4. Patwardhan B; Bridging Ayurveda with evidence-based scientific approaches in medicine. EPMA J. 2014 Nov 1;5(1):19. doi: 10.1186/1878-5085-5-19. eCollection 2014.
  5. Ven Murthy MR, Ranjekar PK, Ramassamy C, et al; Scientific basis for the use of Indian ayurvedic medicinal plants in the treatment of neurodegenerative disorders: ashwagandha. Cent Nerv Syst Agents Med Chem. 2010 Sep 1;10(3):238-46.
  6. Saper RB, Phillips RS, Sehgal A, et al; Lead, mercury, and arsenic in US- and Indian-manufactured Ayurvedic medicines sold via the Internet. JAMA. 2008 Aug 27;300(8):915-23. doi: 10.1001/jama.300.8.915.
  7. Ayurvedic medicine; Cancer Research UK, 2013
  8. Hobday RA, Thomas S, O'Donovan A, et al; Dietary intervention in chronic fatigue syndrome. J Hum Nutr Diet. 2008 Apr;21(2):141-9. doi: 10.1111/j.1365-277X.2008.00857.x.
  9. Kumamoto CA; Inflammation and gastrointestinal Candida colonization. Curr Opin Microbiol. 2011 Aug;14(4):386-91. doi: 10.1016/j.mib.2011.07.015. Epub 2011 Jul 28.
  10. Sepp S,; Diatomaceous earth, Sandatlas
  11. Wachter H, Lechleitner M, Artner-Dworzak E, et al; Diatomaceous earth lowers blood cholesterol concentrations. Eur J Med Res. 1998 Apr 8;3(4):211-5.
  12. Diatomaceous earth, food grade, is this really so good, or dangerous?; The Science Forum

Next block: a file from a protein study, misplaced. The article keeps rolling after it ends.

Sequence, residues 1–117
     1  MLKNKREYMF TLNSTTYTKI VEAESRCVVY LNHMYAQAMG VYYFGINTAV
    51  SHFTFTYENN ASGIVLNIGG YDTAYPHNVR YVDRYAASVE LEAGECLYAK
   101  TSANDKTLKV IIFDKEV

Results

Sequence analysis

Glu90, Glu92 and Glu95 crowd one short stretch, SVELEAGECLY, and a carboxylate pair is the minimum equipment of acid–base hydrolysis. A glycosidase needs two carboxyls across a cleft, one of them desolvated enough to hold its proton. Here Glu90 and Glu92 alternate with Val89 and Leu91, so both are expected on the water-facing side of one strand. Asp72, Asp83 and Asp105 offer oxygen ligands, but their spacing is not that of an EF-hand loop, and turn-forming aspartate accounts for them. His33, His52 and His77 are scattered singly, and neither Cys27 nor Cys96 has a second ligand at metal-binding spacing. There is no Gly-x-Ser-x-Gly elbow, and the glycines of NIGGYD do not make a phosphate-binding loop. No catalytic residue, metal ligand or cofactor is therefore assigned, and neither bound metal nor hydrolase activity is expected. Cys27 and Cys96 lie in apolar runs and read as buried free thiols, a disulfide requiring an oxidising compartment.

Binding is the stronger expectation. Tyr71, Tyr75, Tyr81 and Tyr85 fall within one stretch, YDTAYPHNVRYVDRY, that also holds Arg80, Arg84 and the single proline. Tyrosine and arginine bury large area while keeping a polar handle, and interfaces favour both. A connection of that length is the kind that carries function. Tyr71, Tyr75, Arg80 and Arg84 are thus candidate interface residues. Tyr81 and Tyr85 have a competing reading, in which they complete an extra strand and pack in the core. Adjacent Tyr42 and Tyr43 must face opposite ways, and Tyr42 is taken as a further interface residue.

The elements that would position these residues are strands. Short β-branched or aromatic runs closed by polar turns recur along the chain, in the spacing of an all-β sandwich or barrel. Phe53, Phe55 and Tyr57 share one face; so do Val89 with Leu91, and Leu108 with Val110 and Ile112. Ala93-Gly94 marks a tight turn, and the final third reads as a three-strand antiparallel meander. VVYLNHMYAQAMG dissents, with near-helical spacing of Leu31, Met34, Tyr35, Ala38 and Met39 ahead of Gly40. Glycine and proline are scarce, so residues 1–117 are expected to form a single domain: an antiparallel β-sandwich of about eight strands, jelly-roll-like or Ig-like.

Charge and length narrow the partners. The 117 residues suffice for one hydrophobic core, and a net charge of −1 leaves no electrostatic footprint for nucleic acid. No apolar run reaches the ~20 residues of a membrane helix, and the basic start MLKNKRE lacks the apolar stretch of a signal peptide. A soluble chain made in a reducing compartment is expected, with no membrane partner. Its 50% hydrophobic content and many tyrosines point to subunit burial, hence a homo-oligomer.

13. Jones D et al; Introduction to Functional Medicine, Institute for Functional Medicine, 2014
  14. Galland L; Patient-centered care: antecedents, triggers, and mediators. Altern Ther Health Med. 2006 Jul-Aug;12(4):62-70.
  15. Allen J, Montalto M, Lovejoy J, et al; Detoxification in naturopathic medicine: a survey. J Altern Complement Med. 2011 Dec;17(12):1175-80. doi: 10.1089/acm.2010.0572. Epub 2011 Nov 21.
  16. Marques A; Chronic Lyme disease: a review. Infect Dis Clin North Am. 2008 Jun;22(2):341-60, vii-viii. doi: 10.1016/j.idc.2007.12.011.
  17. Bellamy J; The DC as PCP? The battle continues, Science-based Medicine, 2013
  18. Fasano A; Physiological, pathological, and therapeutic implications of zonulin-mediated intestinal barrier modulation: living life on the edge of the wall. Am J Pathol. 2008 Nov;173(5):1243-52. doi: 10.2353/ajpath.2008.080192. Epub 2008 Oct 2.
  19. Balmier M; Colostrum & Autoimmune Disorders, 2014
  20. Treatments For Leaky Gut;
  21. Autoimmune Disease;
  22. Resnick C; Nutritional Protocol for the Treatment of Intestinal Permeability Defects and Related Conditions, Natural Medicine Journal, 2010

Disclaimer: This article is for information only and should not be used for the diagnosis or treatment of medical conditions. EMIS has used all reasonable care in compiling the information but make no warranty as to its accuracy. Consult a doctor or other health care professional for diagnosis and treatment of medical conditions. For details see our conditions.

Original Author:
Dr Laurence Knott
Current Version:
Peer Reviewer:
Dr Hayley Willacy
Document ID:
28990 (v1)
Last Checked: